Getting the most out of your Sex Therapist
You have the utterly disappointing experience of a sexual dysfunction. Now what? First, go to your primary care physician and rule out any medical issues. Then, once all medical issues have been ruled out, seek services from a sex therapist. Here you can discover not only the possible physical reasons you are experiencing a sexual dysfunction, but also the psychological reasons that may play into this unfortunate incidence.
Your first response is perhaps, “what medications can fix this.” After all, no one wants to slow down, or even worse stop his or her sex life! You most likely want a quick fix; medications can usually help with this. However, the question I pose to you is, do you really want to be taking medication for the rest of your life and have to plan out your sex life? Or, would you rather be able to be in the heat of the moment with no fear or questioning if your sexual organs will be working properly? A sex therapist can not only give you exercises to work on the physical side of your sexual organs not working, but they can also work with you about the possible anxiety that is occurring for you as you have sex with your partner.
I’ve convinced you to see a sex therapist, now, what to expect and how do you get what you need? Chances are you’re in a relationship or something of that nature, which is how you realized you’re not able to perform as you would like. Or, you’ve noticed something is wrong through self-stimulation and you want to correct it prior to getting into a relationship. Either way, you’d like to be able to perform appropriately by the next time you are intimate with a partner. To achieve this expectation, you will likely need 8-10 sessions. Within 3-4 sessions you should be able to recognize significant progress. With this being said, there are some sexual conditions that require a longer healing process. Your sex therapist should be able to give you a more realistic timeline after meeting with you and assessing your particular situation.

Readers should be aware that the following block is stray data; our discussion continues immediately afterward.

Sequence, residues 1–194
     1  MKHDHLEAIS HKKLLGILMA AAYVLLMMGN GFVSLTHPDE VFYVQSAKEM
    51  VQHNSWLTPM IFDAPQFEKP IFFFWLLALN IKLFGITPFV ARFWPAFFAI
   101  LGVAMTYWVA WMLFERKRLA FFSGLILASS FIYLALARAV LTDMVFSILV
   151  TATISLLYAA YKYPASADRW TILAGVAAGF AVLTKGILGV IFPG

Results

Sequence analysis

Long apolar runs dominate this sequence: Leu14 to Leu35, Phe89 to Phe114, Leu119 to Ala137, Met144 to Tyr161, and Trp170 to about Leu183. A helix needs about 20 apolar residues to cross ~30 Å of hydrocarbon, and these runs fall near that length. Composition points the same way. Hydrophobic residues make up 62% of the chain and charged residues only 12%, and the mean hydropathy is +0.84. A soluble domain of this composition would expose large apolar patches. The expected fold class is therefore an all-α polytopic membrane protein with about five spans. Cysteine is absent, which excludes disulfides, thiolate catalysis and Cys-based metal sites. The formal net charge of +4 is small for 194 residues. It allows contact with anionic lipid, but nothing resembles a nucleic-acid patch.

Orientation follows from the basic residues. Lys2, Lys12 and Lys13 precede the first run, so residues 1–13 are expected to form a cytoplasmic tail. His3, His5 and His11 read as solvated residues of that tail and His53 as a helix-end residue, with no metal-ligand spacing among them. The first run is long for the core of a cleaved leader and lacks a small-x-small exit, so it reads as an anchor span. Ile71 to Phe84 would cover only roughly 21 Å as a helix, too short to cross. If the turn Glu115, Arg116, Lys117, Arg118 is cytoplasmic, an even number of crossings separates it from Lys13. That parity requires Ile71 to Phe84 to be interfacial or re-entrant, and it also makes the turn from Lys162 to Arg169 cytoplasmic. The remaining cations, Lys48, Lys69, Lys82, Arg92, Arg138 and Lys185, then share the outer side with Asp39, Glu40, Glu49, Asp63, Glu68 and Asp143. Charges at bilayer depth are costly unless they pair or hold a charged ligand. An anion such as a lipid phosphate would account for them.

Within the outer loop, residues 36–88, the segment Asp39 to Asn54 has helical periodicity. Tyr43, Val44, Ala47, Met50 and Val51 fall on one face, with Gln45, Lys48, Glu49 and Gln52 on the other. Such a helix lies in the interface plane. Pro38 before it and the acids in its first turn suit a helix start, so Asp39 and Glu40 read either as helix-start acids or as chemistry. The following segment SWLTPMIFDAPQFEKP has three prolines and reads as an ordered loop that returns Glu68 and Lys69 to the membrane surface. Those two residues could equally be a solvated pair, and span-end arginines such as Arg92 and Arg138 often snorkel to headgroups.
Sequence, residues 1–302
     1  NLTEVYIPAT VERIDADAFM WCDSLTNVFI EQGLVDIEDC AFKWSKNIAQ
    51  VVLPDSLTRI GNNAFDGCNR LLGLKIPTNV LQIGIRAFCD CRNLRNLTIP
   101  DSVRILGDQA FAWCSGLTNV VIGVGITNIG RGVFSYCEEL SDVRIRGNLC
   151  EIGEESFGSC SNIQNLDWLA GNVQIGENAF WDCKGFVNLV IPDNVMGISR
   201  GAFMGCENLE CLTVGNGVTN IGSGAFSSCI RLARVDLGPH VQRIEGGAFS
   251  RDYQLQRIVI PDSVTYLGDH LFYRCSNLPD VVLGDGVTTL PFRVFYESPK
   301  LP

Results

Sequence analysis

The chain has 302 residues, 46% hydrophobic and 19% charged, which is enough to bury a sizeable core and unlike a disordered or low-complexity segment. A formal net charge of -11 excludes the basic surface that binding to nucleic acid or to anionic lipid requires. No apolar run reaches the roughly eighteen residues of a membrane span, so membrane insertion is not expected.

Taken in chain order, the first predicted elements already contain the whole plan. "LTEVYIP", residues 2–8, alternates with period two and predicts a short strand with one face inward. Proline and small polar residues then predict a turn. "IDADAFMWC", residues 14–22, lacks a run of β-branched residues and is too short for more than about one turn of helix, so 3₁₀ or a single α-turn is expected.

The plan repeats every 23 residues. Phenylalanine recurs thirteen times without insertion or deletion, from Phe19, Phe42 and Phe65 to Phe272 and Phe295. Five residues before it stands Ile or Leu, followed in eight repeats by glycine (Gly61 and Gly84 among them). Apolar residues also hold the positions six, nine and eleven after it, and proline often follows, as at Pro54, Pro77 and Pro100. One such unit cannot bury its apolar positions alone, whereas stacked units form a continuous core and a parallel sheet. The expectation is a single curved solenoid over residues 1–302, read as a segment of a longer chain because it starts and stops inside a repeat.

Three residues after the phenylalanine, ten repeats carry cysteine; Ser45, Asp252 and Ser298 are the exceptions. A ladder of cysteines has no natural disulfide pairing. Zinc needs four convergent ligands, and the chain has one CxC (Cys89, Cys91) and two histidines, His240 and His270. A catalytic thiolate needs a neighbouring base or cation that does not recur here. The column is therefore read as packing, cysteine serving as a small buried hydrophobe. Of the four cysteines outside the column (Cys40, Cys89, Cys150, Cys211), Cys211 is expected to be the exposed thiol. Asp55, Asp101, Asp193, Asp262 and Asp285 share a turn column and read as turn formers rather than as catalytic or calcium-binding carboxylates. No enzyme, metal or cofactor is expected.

To speed up your progress you should be asking for exercises that help decrease both the negative physical and emotional aspects of your sexual issue. Sex is a combination of technical skills and emotional intimacy. Sexual exercises that you can begin right away may look like relaxation exercises, measurement of pleasure exercises, or nonsexual exercises all focused on getting you in touch with your own body. The exact series of sexual exercises will depend upon not only the sexual dysfunction, but also who you are as a person and where exactly you are getting stuck.
The more open you can be with your sex therapist about your sexual history and your emotional experience of sexuality, the easier time the therapist will have in understanding where you are getting stuck. Physically and emotionally satisfying sex isn’t always as intuitive as you would imagine it to be. Most people throughout the aging process will experience times where your body doesn’t function as you expect it to.
Developing the language to openly discuss your situation and receive feedback is challenging. This may be difficult in that it’s not easy to talk about our emotions or admit our sexual limitations. Work with your sex therapist to create a safe space for you to discuss such challenging topics. Keep in mind that your mindset plays a huge role in most cases of sexual dysfunction. Also, trust that the therapist knows what they are doing. Be open and allow yourself to use their expertise.
While working on your weekly exercises at home, be open to talking with your sex therapist about your possible fears or anxieties that arise. It’s normal to have uncomfortable emotions about sex. Our society has unfortunately stigmatized sexuality and created stunted language and comfort surrounding this topic. Your therapist on the other hand, will work to give you the permission to have mind-blowing sex with a level of comfort and ease. This will only come if you’re willing and able to not only do physical, hands on exercises but also put yourself in that emotional space.
You’re in that emotional, sexual space; now what? It may seem like a lot to take in at first, keep a journal of all your insights from your sessions. Write down questions that you have for the following session. Always be adding to your journal throughout the therapeutic process. Have your therapist recommend books to you. Or, research books on your own and bring in new information to discuss.
It is important to keep an open line of communication with your sex therapist. With all this new information, you are bound to have questions or concerns. That’s okay. Bring them to your session in order to discuss them. Now, have fun getting the help you need and the new journey you are about to embark on.